We left Arbor Low and headed back to the village of Monyash and the pub for lunch. Once again, we seemed to have seen and done far more than should be possible in such a short time, slipping across the borders of time and space as if it were perfectly natural. The trouble was that now, as we neared the end of our weekend, there was not a huge amount of time left before everyone would depart, making their separate ways to homes to in far-flung parts of the country. It always amazes me, and touches me deeply, the distances that are travelled by people coming to share these weekends with us. They are not huge, glitzy events… and for at least three of them every year, all we appear to do is go out for a walk… in whatever weather we happen to have. Yet, people travel hundreds… often thousands… of miles to share what we do, regularly coming from as far away as America to take part.
The weekends are open to all… not just members of the Silent Eye and their focus is about sharing an experience. They are an opportunity to get together with people who walk widely different paths, both in everyday life and on their own spiritual journeys. One thing has always stood out for me at gatherings such as these and that is a complete lack of tolerance for the beliefs of others. There is no need for ‘tolerance’, which still, when you think about it, implies a judgement. Instead, there is just acceptance, pure and simple, of the validity of every other path. The minister laughs with the witch, the shaman with the Qabalist and the druid with the Taoist. There are no borders, no boundaries, no social divides and no prejudice… just a genuine desire to share and learn from each other.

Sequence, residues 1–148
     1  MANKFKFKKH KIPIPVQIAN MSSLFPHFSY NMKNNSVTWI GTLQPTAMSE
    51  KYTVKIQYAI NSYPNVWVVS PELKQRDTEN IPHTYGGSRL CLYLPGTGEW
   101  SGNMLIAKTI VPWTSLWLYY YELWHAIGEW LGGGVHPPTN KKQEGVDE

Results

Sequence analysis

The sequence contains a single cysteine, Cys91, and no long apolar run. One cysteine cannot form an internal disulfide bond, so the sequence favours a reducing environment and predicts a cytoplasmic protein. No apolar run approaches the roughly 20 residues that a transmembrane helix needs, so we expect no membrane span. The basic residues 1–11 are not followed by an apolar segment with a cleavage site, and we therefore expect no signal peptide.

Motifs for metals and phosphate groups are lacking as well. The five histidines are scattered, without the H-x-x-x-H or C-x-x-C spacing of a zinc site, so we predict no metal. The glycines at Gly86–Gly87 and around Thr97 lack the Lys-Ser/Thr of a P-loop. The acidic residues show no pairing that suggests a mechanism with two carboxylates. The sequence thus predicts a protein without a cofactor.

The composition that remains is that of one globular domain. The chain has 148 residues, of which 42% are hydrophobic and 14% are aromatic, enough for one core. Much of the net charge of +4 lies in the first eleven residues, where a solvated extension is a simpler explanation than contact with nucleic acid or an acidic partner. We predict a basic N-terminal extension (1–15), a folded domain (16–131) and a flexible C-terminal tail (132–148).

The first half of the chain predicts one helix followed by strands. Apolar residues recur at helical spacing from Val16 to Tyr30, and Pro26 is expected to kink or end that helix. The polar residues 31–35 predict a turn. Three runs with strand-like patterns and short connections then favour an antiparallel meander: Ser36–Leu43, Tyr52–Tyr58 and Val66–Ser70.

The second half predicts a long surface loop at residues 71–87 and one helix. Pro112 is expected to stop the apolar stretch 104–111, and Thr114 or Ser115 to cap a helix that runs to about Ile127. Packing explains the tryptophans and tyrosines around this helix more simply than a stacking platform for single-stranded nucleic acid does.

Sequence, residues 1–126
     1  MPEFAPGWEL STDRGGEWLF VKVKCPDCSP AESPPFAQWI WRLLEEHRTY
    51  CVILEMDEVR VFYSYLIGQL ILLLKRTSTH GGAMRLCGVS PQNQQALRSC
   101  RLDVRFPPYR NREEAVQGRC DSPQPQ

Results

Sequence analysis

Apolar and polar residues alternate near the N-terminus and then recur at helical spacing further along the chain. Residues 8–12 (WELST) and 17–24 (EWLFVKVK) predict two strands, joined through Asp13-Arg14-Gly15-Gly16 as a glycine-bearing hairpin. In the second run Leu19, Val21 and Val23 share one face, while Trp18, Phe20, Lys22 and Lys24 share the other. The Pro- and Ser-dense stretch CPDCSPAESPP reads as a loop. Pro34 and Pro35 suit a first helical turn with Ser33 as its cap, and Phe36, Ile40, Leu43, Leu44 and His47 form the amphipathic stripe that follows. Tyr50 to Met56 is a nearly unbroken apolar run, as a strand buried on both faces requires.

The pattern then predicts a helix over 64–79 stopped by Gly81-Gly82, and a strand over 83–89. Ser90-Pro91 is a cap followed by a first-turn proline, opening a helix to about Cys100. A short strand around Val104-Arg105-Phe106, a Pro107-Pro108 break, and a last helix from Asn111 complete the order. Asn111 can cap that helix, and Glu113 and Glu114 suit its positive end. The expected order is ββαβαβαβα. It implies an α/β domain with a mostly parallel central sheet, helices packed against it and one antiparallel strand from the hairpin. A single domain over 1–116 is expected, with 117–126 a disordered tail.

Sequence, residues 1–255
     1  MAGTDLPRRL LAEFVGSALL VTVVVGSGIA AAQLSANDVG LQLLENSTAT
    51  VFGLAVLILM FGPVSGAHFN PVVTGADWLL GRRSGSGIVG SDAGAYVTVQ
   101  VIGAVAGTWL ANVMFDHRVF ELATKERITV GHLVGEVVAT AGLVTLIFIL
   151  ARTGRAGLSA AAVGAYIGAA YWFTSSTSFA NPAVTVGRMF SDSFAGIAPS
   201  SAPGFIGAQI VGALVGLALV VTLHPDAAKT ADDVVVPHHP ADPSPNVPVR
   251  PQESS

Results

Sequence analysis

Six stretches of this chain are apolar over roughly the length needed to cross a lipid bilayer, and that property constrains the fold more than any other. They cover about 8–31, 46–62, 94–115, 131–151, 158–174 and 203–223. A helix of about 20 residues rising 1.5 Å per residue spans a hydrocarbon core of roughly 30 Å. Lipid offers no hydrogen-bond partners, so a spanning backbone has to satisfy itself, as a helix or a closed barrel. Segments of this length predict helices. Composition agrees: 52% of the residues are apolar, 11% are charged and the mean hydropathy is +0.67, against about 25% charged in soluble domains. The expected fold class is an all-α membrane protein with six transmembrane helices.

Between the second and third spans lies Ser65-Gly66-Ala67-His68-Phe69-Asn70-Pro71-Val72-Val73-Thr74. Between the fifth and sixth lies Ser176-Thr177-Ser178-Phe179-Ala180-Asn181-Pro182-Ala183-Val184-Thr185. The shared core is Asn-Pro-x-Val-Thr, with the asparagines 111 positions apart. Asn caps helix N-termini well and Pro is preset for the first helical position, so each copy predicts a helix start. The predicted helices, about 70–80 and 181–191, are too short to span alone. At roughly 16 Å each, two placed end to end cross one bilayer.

Spirituality is not about looking the part, it is about living it. There is a kindness, an openness and a generosity of spirit that characterises those who have set their feet on their chosen path and turned towards the light that guides them. It is in this, as much as anything we do, that we see the true beauty of the gatherings.
It was a warm and happy group that sat down to that final lunch at the Bull, but all too soon it was time to depart. Here too there is something curious, because the bonds of friendship are freely given and although there may be regret that there is not more time and few of know when we will next meet, there is an ease about such moments; as if our accustomed normality has paused for a while and we return to it enriched by our sojourn in a different world… a world that will take up its conversations as if we had never left should we return to it.
Soon, only Stuart and I were left. It is a curious feeling when you have organised one of these gatherings and the companions have dispersed. We needed grounding and so, there was only one thing we could do… We drove back to Curbar, bought ourselves a well-earned ice-cream and went to lay down in the last of the heather.
We would particularly like to thank author Helen Jones, who joined us for the weekend, for sharing her own account of our adventures. It is one thing for us to tell the story, but quite another to be able to share such a comprehensive and beautiful account written by someone who had come along to her first weekend workshop with us. We hope it won’t be her last. You can read Helen’s account on her blog: Please click here for parts one, two, three, four, five , six and seven.